If you’re building your PC, then you may find yourself with LED-compatible parts from different manufacturers.
Now, being able to control your RGB lights is important—you want to be able to determine the color, the flashing pattern, and so on.
However, if you’re building your PC, then you may find yourself with LED-compatible parts from different manufacturers. If that’s the case, then coordinating the lights may prove to be a challenge (especially if each LED-equipped component comes with its own control app). So you want to be aware of what components are compatible for the software or driver you are using so you can synchronize your hardware.
Thankfully, you can now find third-party components (such as those being developed for Razer Chroma lighting [https://www.razer.com/chroma]) which are able to synchronize with all of your integrated LEDs, allowing you to control all of them at once. These are not hard to find and are a must if your LED-compatible components do in fact come with a variety of methods for controlling them.
It’s an effective way of incorporating RGB LEDs into your PC.
So if you’re building your own PC, you have lots of options—but what if you’re interested in RGB lighting but you’re not necessarily looking to build your own PC right now? Well, luckily, you have the option of purchasing and installing modular LED strips—cuttable, peel and stick lights that allow you to design you RGB whichever way your imagination may lead you.
These light strips (available from a variety of manufacturers) can be installed on the inside of a PC case fairly easily.
At that point, all you need to do is connect them to a USB header on the motherboard (or anywhere, really—your preference!), and download/install supporting power and software control (which is also readily available). It’s an effective way of incorporating RGB LEDs into your PC if simplicity is a priority for you.
A physical lighting controller will allow you the same control.
OK, so we’ve covered the option of controlling your LEDs with software (with drivers and control apps/software).
Now let’s take a look at the hardware approach.
To both power and synchronize your PC’s LED components, you’ll need a dedicated lighting controller (in the same way that your PC’s fan requires a fan controller to regulate its power, spin speeds, etc). A physical lighting controller will allow you the same control as the previously explored software options.
Since LED lighting makes use of your motherboard’s USB header, you’ll need to ensure that you have space for your new lighting controller. Otherwise, you’ll need to find a workaround (thankfully, there are plenty of them out there). Fortunately, installing a light controller is a fairly easy process, and shouldn’t cause you much trouble—even if you’re a stranger to these sorts of projects.
Well, since you asked…ViewSonic ELITE, the parent companies gaming sub-brand, started off the 2019 year by releasing two new gaming monitors—the 24-inch full HD, XG240R gaming monitor, which features a 144Hz refresh rate and 1ms response time; and the 35-inch UltraWide XG350R-C curved gaming monitor.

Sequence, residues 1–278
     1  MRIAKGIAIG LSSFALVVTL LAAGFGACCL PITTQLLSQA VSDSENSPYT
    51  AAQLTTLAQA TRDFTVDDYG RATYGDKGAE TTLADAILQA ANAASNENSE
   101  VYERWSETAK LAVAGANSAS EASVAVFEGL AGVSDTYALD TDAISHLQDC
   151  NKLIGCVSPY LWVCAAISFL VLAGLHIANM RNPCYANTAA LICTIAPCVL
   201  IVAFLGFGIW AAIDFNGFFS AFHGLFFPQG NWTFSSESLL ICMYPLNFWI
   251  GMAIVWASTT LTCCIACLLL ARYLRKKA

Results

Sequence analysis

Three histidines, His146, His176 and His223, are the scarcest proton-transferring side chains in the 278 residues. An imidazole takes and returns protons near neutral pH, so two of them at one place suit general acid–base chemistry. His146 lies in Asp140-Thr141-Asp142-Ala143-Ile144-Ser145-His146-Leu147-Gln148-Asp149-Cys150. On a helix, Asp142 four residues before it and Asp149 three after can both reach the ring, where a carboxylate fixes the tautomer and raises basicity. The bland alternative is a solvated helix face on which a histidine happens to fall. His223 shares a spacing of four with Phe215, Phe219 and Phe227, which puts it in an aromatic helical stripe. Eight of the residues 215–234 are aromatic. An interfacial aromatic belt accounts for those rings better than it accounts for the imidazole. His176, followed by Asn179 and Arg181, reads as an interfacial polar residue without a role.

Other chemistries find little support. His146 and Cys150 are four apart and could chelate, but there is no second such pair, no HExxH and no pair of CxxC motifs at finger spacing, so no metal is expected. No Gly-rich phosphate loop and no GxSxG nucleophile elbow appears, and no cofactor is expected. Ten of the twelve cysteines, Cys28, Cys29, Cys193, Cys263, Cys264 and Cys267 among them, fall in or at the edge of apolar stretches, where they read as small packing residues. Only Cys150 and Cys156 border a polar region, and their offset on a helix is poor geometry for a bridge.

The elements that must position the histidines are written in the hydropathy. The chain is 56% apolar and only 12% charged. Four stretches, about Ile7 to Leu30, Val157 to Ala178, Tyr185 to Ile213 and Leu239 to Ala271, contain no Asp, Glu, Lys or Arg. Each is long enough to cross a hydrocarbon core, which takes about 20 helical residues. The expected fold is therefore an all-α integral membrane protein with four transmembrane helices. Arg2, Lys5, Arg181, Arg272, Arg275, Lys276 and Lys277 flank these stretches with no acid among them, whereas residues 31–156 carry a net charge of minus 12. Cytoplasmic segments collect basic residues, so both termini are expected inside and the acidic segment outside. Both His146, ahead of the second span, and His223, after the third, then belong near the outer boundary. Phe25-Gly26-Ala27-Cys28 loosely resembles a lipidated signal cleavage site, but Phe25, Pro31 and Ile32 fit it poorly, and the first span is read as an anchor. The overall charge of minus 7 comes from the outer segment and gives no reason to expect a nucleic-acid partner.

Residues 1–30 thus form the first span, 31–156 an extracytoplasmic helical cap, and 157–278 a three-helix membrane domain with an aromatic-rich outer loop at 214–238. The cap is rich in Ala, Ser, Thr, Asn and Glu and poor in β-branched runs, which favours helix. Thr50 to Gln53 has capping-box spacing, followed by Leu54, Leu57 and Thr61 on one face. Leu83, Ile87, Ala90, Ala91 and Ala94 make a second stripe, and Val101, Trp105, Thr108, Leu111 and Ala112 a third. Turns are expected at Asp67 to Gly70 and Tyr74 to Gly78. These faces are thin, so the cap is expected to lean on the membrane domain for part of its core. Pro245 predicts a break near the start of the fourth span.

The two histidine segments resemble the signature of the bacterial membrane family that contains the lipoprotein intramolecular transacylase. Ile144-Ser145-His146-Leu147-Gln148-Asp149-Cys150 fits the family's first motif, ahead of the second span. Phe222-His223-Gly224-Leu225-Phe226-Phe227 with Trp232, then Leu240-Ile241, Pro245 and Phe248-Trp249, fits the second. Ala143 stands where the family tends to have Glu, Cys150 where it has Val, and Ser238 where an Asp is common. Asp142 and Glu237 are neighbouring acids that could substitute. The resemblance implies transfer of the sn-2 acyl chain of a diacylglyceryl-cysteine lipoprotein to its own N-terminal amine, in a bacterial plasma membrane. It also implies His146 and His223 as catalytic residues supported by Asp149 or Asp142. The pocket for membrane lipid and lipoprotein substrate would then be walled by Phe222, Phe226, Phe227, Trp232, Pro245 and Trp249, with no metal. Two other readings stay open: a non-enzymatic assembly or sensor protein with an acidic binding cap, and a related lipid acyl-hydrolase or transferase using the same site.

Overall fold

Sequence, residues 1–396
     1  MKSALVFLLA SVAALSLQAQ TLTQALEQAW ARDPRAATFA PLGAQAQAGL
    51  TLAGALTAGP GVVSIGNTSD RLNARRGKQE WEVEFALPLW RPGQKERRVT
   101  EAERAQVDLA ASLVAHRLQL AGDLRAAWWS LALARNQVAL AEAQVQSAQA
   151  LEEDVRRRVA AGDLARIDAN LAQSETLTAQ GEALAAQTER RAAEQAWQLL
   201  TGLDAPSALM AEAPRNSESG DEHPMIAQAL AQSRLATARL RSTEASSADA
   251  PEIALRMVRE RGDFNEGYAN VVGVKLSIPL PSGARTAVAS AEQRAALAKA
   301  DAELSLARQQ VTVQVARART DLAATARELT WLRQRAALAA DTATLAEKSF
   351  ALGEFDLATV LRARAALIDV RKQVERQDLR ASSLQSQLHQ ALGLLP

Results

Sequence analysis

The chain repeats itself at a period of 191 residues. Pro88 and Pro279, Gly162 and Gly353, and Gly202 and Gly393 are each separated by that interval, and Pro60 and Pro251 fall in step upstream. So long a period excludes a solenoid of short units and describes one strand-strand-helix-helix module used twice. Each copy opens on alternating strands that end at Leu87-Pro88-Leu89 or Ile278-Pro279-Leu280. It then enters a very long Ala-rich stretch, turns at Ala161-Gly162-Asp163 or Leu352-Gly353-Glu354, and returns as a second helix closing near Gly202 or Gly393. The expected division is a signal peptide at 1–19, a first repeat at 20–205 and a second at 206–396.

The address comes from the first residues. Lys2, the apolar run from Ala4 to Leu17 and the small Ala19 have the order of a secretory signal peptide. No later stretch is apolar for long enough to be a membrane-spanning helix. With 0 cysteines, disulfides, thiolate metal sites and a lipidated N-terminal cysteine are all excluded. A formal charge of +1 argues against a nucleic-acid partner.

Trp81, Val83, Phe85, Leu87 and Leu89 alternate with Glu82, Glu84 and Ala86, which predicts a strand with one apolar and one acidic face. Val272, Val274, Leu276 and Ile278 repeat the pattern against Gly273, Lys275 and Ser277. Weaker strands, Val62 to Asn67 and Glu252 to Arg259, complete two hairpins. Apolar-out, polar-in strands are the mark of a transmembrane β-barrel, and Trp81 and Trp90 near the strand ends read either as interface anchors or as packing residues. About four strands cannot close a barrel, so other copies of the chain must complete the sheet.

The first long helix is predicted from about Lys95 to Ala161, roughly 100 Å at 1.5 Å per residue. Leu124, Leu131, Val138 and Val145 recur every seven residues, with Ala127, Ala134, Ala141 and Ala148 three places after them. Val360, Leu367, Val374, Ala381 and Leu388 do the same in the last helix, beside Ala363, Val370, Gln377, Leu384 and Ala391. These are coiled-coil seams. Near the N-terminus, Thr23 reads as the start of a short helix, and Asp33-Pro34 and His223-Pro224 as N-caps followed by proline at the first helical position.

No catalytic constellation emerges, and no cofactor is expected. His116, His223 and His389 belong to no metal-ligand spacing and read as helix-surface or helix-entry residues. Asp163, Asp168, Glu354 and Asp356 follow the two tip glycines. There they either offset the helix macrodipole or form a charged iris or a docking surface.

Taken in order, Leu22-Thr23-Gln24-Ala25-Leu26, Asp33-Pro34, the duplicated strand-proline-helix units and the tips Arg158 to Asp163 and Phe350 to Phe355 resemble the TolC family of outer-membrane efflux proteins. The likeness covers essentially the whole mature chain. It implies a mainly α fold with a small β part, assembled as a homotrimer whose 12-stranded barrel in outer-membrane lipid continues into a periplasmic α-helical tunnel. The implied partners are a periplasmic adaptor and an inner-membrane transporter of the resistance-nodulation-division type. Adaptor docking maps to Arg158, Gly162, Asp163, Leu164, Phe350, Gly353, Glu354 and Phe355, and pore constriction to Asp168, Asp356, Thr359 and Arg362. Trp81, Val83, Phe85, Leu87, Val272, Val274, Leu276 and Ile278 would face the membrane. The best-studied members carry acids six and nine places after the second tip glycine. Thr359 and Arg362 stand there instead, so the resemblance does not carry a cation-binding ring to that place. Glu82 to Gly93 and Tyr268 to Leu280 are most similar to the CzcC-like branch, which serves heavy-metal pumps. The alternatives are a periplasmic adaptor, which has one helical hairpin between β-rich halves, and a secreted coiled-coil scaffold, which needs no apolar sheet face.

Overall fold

(You can find full descriptions of these latest additions on the product page, here.)
Both of these gaming monitors are integrated with RGB accent lighting on the back panel that can be synched with other peripherals and when using our partner’s software, gives users the ability to create custom RGB lighting—allowing YOU take full control over your RGB gaming environment.
Explore the many features, customize lighting effects, and optimize your gaming experience with screen follower modes and in-game alerts, along with much, much more. The possibilities for creating your own unique gaming station are endless.
With more partnerships coming soon, so far ViewSonic Elite RGB monitors are compatible with the following partner’s software and products:
Follow the links above to learn more about our partner’s software features and capabilities.
Oh, and check out this video to see the new XG240R in action: https://www.youtube.com/watch?v=JnmzR4ZHjtw
Taking everything we’ve talked about thus far into consideration, there are only a few questions we have left to answer.
When it comes down to it, here's the simple truth about RGB ecosystems:
Are they necessary? No, not at all.
But are they cool? YES.
Can they be a great addition to your gaming atmosphere? Absolutely!
Seeing a PC set-up (especially a custom-built one) with an RGB ecosystem in full display is immediately impressive. It's a way to showcase your pride in the work you've put into your PC.
And as we've learned today, an RGB ecosystem really isn't difficult to acquire.
The fact of the matter is, you can take your PC from just "functional" to "functional AND beautiful" with ease!
So if you're looking to show off your pride in your PC, or even if you just want to create a beautiful external custom display, then an RGB ecosystem seems right for you!
Be sure to check out ViewSonic ELITE’s latest RGB advancements, too!